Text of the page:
When you lose someone you love
Bringing a spiritual perspective to daily life
The death of a close friend is one of the most challenging experiences there is. Not long ago, despite the best efforts of many people involved, a dear friend of mine died.
I listened quietly, and out of the stillness of tender listening came this powerful truth: Nothing is ever lost; there is never any good effort wasted, no good deed done in vain, no prayerful effort without some effect. Nothing good is ever lost!
Mary Baker Eddy, the founder of the Monitor, wrote: "The testimony of the corporeal senses cannot inform us what is real and what is delusive, but the revelations of Christian Science unlock the treasures of Truth" ("Science and Health with Key to the Scriptures," pg. 70).
Our experiences rely so much on the testimony of the physical senses, but my intuition tells me that there is more. And this inner guide tells me that we are more than figures moving on a straight line with beginning and end. It also impels me to accept that the good and love we share with one another are eternal. They do not start with us, really, nor do they end with us.
I am convinced that the prayers with which we accompany a friend to the last point on earth are not wasted - prayers that continue to accompany a friend, before that friend, symbolically speaking, leaves the harbor with the boat and takes off to disappear and finally vanish from our sight. No love we have shed on our friends, those we care about and yearn to see healthy and protected, is ever lost. Because of this love, we are better people and those we love are empowered by it.
We are doing others a shining favor in continuing to cherish their good qualities and by helping others who are still here. To me this is the greatest lesson of all: to love more and more deeply, to get to know a love that reaches into the realm of Spirit - a love that ultimately overcomes death.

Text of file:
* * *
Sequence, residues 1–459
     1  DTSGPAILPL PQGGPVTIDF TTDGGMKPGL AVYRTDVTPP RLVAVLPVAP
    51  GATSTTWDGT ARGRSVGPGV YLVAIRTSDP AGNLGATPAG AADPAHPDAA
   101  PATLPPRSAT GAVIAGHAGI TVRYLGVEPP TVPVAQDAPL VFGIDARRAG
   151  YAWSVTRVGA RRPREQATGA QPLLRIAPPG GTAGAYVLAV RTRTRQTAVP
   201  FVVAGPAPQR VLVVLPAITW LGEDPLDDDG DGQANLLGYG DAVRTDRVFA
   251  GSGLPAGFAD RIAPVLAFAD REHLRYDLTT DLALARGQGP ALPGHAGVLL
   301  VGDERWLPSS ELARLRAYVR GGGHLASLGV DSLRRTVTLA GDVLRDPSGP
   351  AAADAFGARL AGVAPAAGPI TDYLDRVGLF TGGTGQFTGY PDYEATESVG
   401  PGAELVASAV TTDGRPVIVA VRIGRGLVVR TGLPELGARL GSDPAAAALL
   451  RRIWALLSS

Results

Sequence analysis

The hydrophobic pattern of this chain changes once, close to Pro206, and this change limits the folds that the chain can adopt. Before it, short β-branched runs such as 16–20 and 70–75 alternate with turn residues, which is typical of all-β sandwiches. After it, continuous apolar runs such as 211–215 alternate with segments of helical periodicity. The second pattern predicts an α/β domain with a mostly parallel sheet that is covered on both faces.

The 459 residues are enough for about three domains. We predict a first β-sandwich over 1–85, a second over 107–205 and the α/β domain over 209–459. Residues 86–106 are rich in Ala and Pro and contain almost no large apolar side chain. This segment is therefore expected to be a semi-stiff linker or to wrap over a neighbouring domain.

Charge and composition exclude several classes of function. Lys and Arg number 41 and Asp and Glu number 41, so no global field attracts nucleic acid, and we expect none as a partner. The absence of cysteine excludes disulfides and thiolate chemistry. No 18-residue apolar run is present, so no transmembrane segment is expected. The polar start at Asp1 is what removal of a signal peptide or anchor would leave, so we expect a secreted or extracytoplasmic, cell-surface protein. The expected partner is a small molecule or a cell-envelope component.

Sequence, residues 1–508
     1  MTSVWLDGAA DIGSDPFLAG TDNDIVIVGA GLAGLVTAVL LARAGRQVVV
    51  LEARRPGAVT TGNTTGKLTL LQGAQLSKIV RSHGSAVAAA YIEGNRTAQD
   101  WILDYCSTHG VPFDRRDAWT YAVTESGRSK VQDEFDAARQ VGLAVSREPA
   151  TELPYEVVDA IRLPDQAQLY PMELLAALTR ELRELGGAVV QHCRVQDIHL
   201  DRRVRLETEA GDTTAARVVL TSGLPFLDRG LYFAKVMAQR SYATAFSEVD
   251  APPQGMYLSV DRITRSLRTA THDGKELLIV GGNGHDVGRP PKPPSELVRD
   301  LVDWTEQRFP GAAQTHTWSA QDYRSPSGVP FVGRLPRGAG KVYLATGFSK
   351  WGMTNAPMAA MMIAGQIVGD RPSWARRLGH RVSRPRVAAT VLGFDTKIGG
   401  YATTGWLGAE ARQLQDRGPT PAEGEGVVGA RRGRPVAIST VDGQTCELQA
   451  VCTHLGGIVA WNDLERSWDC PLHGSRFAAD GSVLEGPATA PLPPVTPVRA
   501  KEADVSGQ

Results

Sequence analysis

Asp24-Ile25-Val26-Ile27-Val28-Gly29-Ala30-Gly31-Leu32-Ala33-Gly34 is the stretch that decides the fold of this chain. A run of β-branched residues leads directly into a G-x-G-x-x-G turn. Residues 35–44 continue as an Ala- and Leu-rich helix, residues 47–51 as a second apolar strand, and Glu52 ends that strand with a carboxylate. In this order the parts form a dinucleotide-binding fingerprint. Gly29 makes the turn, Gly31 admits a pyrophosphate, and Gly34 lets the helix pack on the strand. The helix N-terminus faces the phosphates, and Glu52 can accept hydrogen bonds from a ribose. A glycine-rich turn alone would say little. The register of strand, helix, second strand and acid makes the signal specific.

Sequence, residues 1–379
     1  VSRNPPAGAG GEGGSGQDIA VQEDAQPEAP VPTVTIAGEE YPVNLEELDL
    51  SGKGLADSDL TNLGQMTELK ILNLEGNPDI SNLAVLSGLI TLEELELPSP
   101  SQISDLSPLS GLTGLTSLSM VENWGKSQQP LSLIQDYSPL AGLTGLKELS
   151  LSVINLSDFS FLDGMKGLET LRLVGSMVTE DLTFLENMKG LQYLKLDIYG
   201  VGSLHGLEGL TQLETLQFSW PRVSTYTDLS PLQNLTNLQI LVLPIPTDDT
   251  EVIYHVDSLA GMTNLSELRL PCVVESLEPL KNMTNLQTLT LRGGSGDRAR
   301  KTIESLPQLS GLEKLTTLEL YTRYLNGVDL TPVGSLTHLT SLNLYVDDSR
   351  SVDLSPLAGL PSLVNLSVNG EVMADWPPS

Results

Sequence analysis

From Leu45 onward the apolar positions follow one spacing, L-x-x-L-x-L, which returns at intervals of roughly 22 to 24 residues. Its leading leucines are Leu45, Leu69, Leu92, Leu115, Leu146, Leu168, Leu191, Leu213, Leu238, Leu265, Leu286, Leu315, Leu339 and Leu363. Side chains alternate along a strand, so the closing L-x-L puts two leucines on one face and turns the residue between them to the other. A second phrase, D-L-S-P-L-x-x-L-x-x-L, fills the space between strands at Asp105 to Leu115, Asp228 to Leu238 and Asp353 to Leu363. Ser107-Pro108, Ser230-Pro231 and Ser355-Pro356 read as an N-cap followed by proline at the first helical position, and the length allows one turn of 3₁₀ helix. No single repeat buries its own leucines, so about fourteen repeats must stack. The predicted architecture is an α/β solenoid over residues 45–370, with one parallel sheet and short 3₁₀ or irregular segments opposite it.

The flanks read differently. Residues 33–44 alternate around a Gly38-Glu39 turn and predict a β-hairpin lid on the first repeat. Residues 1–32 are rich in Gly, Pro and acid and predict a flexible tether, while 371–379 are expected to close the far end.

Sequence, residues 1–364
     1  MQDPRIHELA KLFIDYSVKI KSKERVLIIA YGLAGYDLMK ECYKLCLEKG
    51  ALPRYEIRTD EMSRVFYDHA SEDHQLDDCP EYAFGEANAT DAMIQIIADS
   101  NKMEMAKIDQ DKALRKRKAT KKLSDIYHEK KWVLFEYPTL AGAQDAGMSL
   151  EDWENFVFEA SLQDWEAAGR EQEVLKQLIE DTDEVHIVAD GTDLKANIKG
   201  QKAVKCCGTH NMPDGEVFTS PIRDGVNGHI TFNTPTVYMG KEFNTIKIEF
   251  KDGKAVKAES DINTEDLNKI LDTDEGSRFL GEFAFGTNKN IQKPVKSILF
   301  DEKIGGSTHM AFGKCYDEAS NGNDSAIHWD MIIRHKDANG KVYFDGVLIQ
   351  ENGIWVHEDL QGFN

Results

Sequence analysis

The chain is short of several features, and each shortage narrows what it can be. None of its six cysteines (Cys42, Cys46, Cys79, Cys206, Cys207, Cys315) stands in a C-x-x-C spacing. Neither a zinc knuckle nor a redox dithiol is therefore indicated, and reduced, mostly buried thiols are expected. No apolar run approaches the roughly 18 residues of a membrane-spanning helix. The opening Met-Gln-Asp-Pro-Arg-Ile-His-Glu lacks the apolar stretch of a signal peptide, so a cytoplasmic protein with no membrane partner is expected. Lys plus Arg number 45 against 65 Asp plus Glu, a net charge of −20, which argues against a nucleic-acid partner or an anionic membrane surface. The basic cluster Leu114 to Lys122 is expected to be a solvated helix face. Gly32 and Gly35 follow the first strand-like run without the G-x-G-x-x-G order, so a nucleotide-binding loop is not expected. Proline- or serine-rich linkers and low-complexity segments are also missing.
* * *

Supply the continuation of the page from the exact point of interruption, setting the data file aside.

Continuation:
There's a story in the Bible that hints at this fundamental point: We are all travelers, and we can accompany each other by shedding love on each other without measure. It's the story about the good Samaritan who cares unselfishly for his fellow man, this victim of crime, but continues his own journey. It illustrates to me that even a friend who is unknown to us is a friend.
This story is embedded within a dialogue between Jesus and "a certain lawyer." The lawyer had asked what he needed to do in order to inherit eternal life. Jesus, having referred him to the law, asked the man to answer his own question. The lawyer replied, "Thou shalt love the Lord thy God with all thy heart, and with all thy soul, and with all thy strength, and with all thy mind; and thy neighbor as thyself" Jesus' response is straightforward and clear: "Thou hast answered right: this do, and thou shalt live" (Luke 10:25-28).
For living eternally - nothing is said about death in this discourse - love for God and man are the only prerequisites. By loving God - Life, Truth, and Love - and by sharing this Life, Truth, and Love within our own experience with everybody, including ourselves, means to save ourselves, to really live, to be. Who is saying that this unselfishness expressed in tireless care and attentive love for someone in need is not helping to save this dear one even if we don't see it right away?
The Samaritan and the Jew were travel companions in different experiences but were joined together for a tender moment in time. Jesus brought out that this traveling and being together, journeying on, yet still caring and sharing, leads toward eternal Life; it is the essence of Life.
Likewise, we - and our helpful thoughts resting on each other - transform our friendships and affections and help bring them to a higher level. And graceful unselfishness will be leading the way.